More About: infographics, music player, pandora, spotify

February 07 2012

Pandora vs. Spotify: Who Will Win the Battle for Streaming Music?

Matthew Bryan Beck is an NYC-based singer-songwriter, producer, editor, graphic designer and photographer. He writes the tech/social media blog Sludgr. Follow him on Twitter and Subscribe on Facebook.

Once upon a time, the future of streaming music rested squarely on the shoulders of Pandora Radio.

Built on the Music Genome Project, a patented mathematical algorithm that scans over 400 musical attributes (like rhythm, tempo, syncopation, key tonality, vocal harmonies, etc.), Pandora creates customized “stations” based on similarly-matched artists, songs and styles.

Several years ago, users clamored over to Pandora, finding its selection startlingly accurate. Pandora played songs users actually wanted to listen to — as if by magic. Often, users would discover new artists and download songs separately on iTunes.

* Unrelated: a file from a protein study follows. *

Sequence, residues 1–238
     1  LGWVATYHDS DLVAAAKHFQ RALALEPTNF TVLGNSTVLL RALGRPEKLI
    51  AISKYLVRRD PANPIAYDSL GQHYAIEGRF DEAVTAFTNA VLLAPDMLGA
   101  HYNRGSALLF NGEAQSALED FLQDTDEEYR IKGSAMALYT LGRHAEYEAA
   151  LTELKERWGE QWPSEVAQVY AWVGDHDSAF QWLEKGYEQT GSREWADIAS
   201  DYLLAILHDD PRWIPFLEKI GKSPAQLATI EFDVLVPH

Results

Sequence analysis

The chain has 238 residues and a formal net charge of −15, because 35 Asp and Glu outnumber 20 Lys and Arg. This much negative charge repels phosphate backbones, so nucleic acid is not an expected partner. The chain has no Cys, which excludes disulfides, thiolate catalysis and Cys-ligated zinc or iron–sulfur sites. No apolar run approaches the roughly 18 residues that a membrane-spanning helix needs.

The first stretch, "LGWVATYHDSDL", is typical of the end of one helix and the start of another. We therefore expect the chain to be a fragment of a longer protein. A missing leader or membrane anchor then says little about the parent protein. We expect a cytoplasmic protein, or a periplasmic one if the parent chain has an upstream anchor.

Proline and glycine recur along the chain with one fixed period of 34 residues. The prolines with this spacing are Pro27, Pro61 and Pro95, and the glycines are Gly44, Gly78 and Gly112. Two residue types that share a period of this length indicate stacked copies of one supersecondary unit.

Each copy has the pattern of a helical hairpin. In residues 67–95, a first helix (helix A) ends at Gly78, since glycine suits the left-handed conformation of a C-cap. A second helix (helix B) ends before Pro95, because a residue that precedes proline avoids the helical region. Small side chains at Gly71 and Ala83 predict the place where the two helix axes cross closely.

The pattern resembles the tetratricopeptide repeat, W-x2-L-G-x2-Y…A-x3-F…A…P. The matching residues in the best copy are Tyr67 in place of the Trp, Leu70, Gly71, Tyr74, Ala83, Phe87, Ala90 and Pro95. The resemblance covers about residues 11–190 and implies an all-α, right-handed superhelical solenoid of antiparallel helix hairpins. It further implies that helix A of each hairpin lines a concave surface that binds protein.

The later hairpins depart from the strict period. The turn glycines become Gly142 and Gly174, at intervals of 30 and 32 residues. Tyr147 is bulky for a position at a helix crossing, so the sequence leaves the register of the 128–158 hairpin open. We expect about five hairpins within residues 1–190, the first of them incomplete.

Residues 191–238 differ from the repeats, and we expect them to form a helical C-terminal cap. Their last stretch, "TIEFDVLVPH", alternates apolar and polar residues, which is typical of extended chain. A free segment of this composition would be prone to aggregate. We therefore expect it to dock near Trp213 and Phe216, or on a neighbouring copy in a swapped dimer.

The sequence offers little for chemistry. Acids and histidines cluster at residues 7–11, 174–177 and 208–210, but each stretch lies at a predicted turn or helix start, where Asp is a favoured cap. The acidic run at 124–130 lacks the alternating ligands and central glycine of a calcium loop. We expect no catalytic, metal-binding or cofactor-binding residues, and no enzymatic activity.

Soon, Pandora developed a solid mobile app, and its corner on the market seemed sewn tight. Pandora had the elusive “cool factor.”

Then came Spotify.

But Even Spotify Has Its Drawbacks

The Swedish site launched as an invite-only service in Europe in October 2008. Spotify’s exclusivity only strengthened its mystique in the U.S. Delayed by licensing issues (deals were finally cut with Universal Music Group, Sony BMG, EMI Music and Warner Music Group, among others, for digital streaming rights), Spotify finally debuted stateside to much anticipation and fanfare.